241804 Productivity of patient navigators at a safety-net hospital in Chicago

Wednesday, November 2, 2011: 11:30 AM

Kristi L. Allgood, MPH , Sinai Urban Health Institute, Sinai Health System, Chicago, IL
Steve Whitman, PHD , Sinai Urban Health Institute, Sinai Health System, Chicago, IL
Background: Since 2005, a foundation dedicated to improving women's lives has funded a patient navigation program for patients with abnormal breast imaging at a Chicago safety-net hospital. The role of a Patient Navigator is loosely defined and experience levels vary widely. However, the main goals of a navigation program are to improve follow-up, decrease times between services and eliminate barriers to making appointments.

Methods: Between July and December 2010 we listed the predominant services provided and asked each of our 3 navigators to track the number of minutes each task took. We then summed the time for each task.

Results: During this time n=2174 patients were navigated and n=6500 encounters occurred. Each navigator saw about 10 patients per day worked. Navigators spend about 15% of their time doing project related tasks such as data entry, but the remaining time is devoted to navigating patients in various ways. 12% of their time is spent providing education, 18% is spent providing medical assistance, 18% is spent escorting patients to appointments or for moral support during a biopsy and 14% is spent assisting with scheduling appointments or obtaining referrals.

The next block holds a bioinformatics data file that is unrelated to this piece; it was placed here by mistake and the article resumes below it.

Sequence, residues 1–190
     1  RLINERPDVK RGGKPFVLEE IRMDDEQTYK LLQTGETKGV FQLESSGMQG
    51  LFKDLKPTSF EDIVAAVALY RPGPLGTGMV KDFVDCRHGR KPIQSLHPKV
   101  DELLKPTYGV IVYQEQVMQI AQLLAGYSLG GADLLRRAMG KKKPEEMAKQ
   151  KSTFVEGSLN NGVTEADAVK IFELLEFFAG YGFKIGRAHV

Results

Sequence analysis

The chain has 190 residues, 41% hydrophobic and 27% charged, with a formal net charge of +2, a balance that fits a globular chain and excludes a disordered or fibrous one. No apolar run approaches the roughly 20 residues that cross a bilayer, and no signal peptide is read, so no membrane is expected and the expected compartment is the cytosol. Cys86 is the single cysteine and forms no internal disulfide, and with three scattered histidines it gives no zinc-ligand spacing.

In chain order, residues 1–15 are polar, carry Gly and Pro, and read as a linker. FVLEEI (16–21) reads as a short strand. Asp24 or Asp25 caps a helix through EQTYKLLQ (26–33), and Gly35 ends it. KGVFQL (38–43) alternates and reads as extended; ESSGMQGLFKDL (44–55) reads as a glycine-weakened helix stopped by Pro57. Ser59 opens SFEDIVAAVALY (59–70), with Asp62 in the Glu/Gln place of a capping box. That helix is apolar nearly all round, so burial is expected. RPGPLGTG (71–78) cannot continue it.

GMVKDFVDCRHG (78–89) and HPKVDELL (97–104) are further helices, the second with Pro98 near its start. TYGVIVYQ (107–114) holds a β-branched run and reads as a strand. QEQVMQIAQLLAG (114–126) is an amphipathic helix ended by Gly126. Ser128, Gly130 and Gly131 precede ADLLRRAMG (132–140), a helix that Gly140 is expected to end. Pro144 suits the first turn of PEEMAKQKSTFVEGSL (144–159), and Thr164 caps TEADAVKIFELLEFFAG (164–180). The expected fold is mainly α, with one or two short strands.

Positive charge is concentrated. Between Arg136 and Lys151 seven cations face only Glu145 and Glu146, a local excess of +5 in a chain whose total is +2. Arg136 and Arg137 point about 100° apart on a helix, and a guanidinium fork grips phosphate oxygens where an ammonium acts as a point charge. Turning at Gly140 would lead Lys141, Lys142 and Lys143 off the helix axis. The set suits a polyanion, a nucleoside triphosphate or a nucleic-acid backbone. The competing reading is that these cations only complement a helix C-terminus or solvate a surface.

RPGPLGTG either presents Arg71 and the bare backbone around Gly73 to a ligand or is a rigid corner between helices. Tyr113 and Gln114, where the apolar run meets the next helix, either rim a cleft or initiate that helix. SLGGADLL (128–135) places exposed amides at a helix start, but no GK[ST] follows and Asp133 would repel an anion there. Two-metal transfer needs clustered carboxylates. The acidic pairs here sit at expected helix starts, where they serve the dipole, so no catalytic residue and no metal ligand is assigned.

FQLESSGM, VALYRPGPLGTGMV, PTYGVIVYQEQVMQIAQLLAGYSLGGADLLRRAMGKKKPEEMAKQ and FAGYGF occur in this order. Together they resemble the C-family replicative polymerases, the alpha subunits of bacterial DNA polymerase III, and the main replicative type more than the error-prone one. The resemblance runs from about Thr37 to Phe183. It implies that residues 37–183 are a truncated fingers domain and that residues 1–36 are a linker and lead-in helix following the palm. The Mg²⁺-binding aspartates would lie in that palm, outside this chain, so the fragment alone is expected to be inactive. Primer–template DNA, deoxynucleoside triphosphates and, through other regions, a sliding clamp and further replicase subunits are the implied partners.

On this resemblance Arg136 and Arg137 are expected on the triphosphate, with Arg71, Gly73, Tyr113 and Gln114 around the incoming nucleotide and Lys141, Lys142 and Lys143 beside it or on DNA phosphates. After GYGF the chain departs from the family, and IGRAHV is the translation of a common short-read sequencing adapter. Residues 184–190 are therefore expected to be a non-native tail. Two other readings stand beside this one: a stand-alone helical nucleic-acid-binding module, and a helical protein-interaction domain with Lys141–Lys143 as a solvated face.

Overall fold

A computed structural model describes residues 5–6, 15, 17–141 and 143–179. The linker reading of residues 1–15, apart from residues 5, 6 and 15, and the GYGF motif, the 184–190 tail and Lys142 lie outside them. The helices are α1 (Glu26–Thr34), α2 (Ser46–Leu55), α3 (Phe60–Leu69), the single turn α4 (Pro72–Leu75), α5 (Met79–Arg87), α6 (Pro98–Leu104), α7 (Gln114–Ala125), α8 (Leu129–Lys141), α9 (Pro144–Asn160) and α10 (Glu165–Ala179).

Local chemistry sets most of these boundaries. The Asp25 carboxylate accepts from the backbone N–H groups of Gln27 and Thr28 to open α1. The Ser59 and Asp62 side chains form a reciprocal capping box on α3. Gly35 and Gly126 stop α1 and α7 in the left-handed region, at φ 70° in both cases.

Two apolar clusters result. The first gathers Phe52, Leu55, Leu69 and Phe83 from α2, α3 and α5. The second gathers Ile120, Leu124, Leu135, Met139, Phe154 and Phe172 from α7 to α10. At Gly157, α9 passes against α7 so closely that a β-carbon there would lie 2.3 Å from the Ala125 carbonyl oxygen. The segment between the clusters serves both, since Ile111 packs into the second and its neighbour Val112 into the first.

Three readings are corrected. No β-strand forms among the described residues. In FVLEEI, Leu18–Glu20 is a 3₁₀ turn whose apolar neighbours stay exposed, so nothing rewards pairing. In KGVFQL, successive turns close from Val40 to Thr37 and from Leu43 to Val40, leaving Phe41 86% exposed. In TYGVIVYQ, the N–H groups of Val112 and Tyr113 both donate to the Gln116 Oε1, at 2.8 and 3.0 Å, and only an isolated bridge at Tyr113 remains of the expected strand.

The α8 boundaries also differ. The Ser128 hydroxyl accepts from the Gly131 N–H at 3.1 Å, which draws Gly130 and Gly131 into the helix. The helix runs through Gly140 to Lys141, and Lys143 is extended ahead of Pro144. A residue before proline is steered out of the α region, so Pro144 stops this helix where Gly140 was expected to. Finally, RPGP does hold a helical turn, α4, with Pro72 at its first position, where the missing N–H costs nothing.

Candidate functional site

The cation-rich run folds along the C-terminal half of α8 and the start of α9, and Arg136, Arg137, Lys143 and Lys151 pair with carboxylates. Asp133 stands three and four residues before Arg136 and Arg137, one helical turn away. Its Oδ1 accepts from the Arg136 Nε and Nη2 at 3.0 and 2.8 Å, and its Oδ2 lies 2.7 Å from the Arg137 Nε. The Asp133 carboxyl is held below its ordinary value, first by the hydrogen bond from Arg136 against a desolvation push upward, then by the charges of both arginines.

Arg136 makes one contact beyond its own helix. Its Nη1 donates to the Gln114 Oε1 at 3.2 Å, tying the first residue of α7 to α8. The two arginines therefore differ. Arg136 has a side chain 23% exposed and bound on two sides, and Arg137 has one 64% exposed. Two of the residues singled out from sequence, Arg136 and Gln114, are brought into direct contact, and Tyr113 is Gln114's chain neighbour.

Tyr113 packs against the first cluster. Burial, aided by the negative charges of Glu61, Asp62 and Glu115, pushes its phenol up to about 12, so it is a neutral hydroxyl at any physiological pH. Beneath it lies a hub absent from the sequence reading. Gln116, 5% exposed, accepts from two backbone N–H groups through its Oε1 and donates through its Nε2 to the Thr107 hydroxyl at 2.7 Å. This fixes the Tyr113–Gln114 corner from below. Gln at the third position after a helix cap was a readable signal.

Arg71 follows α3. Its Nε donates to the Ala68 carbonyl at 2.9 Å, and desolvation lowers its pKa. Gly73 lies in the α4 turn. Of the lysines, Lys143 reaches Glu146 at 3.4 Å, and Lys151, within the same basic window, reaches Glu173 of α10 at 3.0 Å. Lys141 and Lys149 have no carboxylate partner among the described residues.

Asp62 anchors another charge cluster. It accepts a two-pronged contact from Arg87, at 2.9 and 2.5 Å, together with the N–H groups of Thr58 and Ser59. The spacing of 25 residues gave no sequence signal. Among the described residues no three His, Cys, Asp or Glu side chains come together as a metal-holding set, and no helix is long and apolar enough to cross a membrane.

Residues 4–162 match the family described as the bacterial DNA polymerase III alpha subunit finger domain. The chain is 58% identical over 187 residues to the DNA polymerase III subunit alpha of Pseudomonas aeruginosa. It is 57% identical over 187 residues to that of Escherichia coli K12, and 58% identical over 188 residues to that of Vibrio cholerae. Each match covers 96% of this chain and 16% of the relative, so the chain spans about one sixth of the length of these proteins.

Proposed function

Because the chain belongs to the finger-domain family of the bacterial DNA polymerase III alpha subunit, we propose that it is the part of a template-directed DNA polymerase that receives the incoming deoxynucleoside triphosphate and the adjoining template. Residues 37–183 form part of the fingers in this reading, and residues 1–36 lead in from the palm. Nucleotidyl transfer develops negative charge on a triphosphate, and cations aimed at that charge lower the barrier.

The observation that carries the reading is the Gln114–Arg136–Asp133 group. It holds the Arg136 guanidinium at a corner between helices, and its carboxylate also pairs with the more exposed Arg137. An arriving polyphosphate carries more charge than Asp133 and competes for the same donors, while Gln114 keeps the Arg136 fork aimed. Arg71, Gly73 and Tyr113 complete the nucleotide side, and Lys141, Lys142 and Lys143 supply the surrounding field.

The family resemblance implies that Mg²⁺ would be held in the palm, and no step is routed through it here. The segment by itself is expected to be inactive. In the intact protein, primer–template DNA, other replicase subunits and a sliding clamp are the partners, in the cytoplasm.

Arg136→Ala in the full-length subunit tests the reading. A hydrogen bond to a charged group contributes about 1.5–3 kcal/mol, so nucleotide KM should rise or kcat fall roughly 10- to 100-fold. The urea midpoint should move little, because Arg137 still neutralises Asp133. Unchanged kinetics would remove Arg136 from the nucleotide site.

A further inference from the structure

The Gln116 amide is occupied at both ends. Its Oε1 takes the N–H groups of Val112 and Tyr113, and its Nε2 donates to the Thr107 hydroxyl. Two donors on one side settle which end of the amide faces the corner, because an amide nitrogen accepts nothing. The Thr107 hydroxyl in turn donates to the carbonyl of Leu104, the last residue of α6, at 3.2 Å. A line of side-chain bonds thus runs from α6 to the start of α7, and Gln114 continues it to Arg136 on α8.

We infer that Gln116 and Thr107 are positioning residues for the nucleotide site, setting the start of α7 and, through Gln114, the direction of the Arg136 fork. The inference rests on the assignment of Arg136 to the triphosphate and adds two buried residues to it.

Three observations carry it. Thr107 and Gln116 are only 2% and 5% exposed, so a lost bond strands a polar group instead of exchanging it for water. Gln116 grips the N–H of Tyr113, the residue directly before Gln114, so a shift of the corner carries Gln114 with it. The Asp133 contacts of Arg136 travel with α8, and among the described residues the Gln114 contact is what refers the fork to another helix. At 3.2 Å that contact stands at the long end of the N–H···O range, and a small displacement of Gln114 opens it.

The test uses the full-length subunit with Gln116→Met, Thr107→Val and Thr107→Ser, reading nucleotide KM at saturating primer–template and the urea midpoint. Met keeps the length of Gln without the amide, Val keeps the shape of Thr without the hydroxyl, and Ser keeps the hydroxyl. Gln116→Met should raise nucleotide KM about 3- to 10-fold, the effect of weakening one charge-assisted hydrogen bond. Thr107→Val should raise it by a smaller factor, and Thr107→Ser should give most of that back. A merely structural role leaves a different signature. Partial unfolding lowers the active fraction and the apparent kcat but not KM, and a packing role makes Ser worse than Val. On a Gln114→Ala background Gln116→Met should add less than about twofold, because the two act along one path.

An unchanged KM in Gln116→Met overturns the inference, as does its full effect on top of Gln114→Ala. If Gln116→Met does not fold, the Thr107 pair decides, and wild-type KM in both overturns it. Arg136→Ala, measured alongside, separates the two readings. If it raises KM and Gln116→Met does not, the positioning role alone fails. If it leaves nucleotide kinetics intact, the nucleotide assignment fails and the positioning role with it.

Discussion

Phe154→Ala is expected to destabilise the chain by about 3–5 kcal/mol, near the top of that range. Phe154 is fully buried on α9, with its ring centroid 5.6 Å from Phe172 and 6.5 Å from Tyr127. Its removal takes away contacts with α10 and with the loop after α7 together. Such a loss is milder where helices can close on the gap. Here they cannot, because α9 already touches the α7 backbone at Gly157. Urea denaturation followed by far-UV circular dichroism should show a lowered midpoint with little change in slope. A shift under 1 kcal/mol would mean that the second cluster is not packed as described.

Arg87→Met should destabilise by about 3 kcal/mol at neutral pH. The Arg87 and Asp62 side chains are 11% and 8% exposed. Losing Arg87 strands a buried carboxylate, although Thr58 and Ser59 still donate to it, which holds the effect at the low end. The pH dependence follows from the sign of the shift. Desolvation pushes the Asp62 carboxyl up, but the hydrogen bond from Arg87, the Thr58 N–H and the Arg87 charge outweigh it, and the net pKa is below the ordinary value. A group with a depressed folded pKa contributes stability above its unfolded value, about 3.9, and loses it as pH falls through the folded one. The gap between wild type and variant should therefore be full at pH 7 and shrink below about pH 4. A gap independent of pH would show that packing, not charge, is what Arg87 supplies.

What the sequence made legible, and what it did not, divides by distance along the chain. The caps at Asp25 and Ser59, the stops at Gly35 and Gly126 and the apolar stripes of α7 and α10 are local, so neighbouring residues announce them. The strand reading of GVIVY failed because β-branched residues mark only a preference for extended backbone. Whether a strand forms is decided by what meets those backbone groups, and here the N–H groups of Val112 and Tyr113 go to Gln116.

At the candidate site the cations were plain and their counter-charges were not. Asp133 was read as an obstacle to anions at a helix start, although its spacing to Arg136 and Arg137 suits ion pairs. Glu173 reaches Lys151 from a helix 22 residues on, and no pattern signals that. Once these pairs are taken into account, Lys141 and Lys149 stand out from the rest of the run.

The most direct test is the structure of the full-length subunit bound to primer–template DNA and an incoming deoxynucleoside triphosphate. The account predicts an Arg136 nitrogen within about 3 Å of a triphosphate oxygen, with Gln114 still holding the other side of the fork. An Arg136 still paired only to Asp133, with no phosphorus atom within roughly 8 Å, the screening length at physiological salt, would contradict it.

Conclusions: The Navigators spend about 20-30 minutes with each patient they encounter and they add an enormous benefit to patients in busy clinic settings when staff resources are limited. In addition, since so much time is spent providing breast health and or medical information to patients, there may be implications for ensuring that the navigators are well trained to triage these issues.

Learning Areas:
Conduct evaluation related to programs, research, and other areas of practice
Social and behavioral sciences

Learning Objectives:
1. To demonstrate how navigators time is spent. 2. To describe a strategy to evaluate productivity of a navigation program. 3. To discuss areas where a navigation program may be beneficial in a resource poor environment.

Keywords: Breast Cancer Programs, Evaluation

Presenting author's disclosure statement:

Qualified on the content I am responsible for because: I am the evaluator and responsible party for planning and implementing this navigation program at our facility.
Any relevant financial relationships? No

I agree to comply with the American Public Health Association Conflict of Interest and Commercial Support Guidelines, and to disclose to the participants any off-label or experimental uses of a commercial product or service discussed in my presentation.